/ 23 April 2023

British trophy hunting ban bill will harm African wildlife

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Balancing act: Human-wildlife conflict occurs when populations expand and one management tool is hunting, which also raises income for locals in Zambia. Photo: Alexander Joe/Getty Images

African wildlife’s destruction was sealed when British pop stars, comedians and animal rights groups fund­raising industry NGOs recently influenced their parliamentarians to vote for the hunting trophies imports ban bill, ignoring the harm it causes to African wildlife and habitat conservation. 

Amy Dickman, an Oxford University conservation biologist, together with other British scientists and conservationists worldwide, have warned against this ill-informed decision. The British parliamentarians’ decision to vote for the ban is viewed by many in the conversation and hunting world as “moment of madness”. 

They rejected a scientific wildlife management approach, involving the sustainable harvesting of excessive wildlife populations in specific ecosystems so that large wildlife populations don’t exceed the carrying capacities of their ecosystems. 

Hunting helps control wildlife overpopulation and prevents leaving wildlife with insufficient water and food supply and even space to exist. Yet, this is the ecological disaster that the British parliamentarians have just set in motion. They apparently don’t care about wildlife conservation but do care about increasing their popular ratings, fundraising opportunities and political votes. 

For the animal rights fundraising industry NGOs, the wildlife conservation crisis that scientists have warned would break out is good news, particularly in Africa where there are the Big Five that they can use as species in peril and ask for donations. For the record, many have not saved a single elephant in the wilderness. They selectively focus on elephants in zoos, to whip up public emotions and then ask for donations. Shame.

International hunting is a management measure supported by the United Nations Convention on International Trade in Endangered Species of Fauna and Flora Species. It’s also supported by a big international NGO, the World Wildlife Fund (WWF). According to the WWF 1997 Quota Setting Manual, the main purpose of a quota is to identify the number of animals that can be killed without reducing the population.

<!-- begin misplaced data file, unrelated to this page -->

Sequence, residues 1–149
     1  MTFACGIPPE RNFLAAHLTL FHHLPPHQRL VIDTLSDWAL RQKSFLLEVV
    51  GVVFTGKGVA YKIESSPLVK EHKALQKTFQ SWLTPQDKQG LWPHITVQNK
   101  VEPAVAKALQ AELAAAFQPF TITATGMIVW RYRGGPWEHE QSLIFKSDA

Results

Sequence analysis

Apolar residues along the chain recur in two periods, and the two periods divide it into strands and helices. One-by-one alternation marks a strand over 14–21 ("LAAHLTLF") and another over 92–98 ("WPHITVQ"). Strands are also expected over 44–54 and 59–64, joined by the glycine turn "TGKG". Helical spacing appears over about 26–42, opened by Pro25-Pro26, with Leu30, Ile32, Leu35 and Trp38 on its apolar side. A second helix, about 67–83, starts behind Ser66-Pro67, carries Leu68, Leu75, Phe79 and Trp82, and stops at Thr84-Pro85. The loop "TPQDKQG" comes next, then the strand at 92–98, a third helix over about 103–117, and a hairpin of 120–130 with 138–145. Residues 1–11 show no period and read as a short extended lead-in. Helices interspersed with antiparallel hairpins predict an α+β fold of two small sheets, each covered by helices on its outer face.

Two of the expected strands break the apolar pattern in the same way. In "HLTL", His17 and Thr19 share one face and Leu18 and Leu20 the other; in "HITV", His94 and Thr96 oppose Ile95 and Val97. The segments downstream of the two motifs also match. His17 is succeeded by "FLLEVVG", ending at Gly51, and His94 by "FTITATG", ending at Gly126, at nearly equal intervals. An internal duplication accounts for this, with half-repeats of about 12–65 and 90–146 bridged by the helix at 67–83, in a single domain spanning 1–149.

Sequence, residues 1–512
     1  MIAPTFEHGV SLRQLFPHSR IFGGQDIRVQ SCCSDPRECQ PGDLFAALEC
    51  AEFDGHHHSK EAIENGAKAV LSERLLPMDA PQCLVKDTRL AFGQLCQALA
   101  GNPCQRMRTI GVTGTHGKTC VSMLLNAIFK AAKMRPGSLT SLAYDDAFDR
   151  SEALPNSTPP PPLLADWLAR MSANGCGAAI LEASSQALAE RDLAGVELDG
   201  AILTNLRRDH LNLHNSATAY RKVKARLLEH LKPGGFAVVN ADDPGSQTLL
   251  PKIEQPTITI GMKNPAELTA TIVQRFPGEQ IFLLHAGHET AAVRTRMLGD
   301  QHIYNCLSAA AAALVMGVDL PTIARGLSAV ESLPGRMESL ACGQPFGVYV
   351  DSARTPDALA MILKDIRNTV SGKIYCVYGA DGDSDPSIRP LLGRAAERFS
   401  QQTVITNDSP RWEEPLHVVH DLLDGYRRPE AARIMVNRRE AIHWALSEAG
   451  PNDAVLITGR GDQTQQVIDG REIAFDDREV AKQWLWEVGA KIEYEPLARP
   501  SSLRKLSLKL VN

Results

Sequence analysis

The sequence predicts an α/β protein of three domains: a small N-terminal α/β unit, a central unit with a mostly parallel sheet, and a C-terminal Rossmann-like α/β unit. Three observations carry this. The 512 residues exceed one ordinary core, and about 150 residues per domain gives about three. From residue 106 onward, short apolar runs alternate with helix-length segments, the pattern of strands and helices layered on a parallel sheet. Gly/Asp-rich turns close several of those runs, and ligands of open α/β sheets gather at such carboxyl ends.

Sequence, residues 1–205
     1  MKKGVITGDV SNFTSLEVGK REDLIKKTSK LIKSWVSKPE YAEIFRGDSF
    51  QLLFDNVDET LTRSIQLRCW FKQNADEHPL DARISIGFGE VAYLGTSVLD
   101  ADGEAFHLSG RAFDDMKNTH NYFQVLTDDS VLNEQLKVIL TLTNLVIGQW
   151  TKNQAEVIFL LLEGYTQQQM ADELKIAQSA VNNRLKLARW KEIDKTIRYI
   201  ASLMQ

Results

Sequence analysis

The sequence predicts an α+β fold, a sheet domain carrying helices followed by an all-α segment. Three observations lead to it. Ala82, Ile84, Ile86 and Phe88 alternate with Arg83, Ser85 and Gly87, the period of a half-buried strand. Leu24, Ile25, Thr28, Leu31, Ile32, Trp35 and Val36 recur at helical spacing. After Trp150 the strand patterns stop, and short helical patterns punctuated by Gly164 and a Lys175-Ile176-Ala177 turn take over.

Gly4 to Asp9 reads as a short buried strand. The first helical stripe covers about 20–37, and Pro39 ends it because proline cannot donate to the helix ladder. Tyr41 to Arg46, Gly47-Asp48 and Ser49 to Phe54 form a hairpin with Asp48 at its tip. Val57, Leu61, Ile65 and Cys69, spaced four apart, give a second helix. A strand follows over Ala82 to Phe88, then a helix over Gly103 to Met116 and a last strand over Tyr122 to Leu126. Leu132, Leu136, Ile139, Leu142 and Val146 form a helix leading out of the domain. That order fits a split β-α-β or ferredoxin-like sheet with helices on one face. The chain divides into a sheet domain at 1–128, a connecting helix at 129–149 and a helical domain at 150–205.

Science is not about votes of parliamentarians and public referendums. Neither is it about the support of animal rights groups fundraising industry NGOs, comedians, politicians and pop stars. 

When the Covid-19 pandemic hit the world, resulting in millions of people dying, it didn’t take votes to decide on vaccines and other scientific measures that needed to be observed to save human lives.

Why then, in the 21st century, do we see the United Kingdom, which helps fund poverty alleviation, reject one of the ways that African hunting communities use to alleviate poverty by banning hunting trophy imports into the UK? 

In an intense human-wildlife-conflict scenario, people in the Southern African Development Community would struggle to profitably grow crops and safely store their agricultural produce. Wildlife would have nowhere to run and get wiped out through revenge killings. 

Where in your country, British parliamentarians, will you accommodate southern African wildlife? You neither have the scientific wildlife management know-how, space, appropriate vegetation, nor love for African people and wildlife. 

The acting director of Zambia’s department of national parks and wildlife management, Andrew Eldred Chomba, recently said, “One of the disadvantages of conservation success is that it results in elephant overpopulation that leads to human-wildlife conflict and our people continue to be killed by elephants.”

It’s against such a challenging scenario as is the case in most hunting communities of Southern Africa that international hunting is used as a wildlife management tool to control the wildlife population and to raise income for these communities.

No wonder that, before the 17 March British parliamentarians’ vote for hunting trophy imports ban, elephant-overpopulated Botswana warned the British government that the legislation would harm its wildlife and negatively affect people’s livelihoods. 

“If the bill is passed by parliament, it will affect Botswana’s wildlife management,” said a press release from Botswana’s ministry of environment and tourism. 

“It will also increase the risk of poaching and human-wildlife conflict, negatively impacting, for example, the largest herd of elephants that Botswana supports.”

Ishmael Chaukura, of Zimbabwe’s Masoka wildlife producer community, which boasts a school built from revenue raised from hunting that has produced medical doctors, nurses, accountants, and other professionals, said, “The hunting trophies imports ban bill shows that the British aren’t genuine conservationists, but pretenders and they don’t respect African wildlife producer communities and their leaders. 

“They can ban hunting trophies imports into the United Kingdom but can never stop hunting in Africa.”

The British parliamentarians have already approved the hunting trophies imports ban into the UK. The bill will be discussed in the House of Lords in May or June. Although it is unable to prevent bills passing into law except in certain limited circumstances, the House of Lords can delay bills and force the House of Commons [parliamentarians] to reconsider their decisions.

Therefore, it remains to be seen if the House of Lords can get the parliamentarians to reconsider their decisions.

The views expressed are those of the author and do not necessarily reflect the official policy or position of the Mail & Guardian.